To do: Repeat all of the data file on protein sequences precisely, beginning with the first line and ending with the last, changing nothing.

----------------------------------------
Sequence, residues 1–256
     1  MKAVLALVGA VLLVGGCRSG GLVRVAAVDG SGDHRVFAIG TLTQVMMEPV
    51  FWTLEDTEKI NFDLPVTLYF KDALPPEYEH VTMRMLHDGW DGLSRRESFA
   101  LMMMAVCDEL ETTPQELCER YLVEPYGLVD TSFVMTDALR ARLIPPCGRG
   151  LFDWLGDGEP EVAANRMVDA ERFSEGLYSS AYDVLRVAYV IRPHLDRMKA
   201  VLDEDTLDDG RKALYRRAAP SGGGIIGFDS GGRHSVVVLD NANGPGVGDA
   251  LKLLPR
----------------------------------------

Sequence, residues 1–256
     1  MKAVLALVGA VLLVGGCRSG GLVRVAAVDG SGDHRVFAIG TLTQVMMEPV
    51  FWTLEDTEKI NFDLPVTLYF KDALPPEYEH VTMRMLHDGW DGLSRRESFA
   101  LMMMAVCDEL ETTPQELCER YLVEPYGLVD TSFVMTDALR ARLIPPCGRG
   151  LFDWLGDGEP EVAANRMVDA ERFSEGLYSS AYDVLRVAYV IRPHLDRMKA
   201  VLDEDTLDDG RKALYRRAAP SGGGIIGFDS GGRHSVVVLD NANGPGVGDA
   251  LKLLPR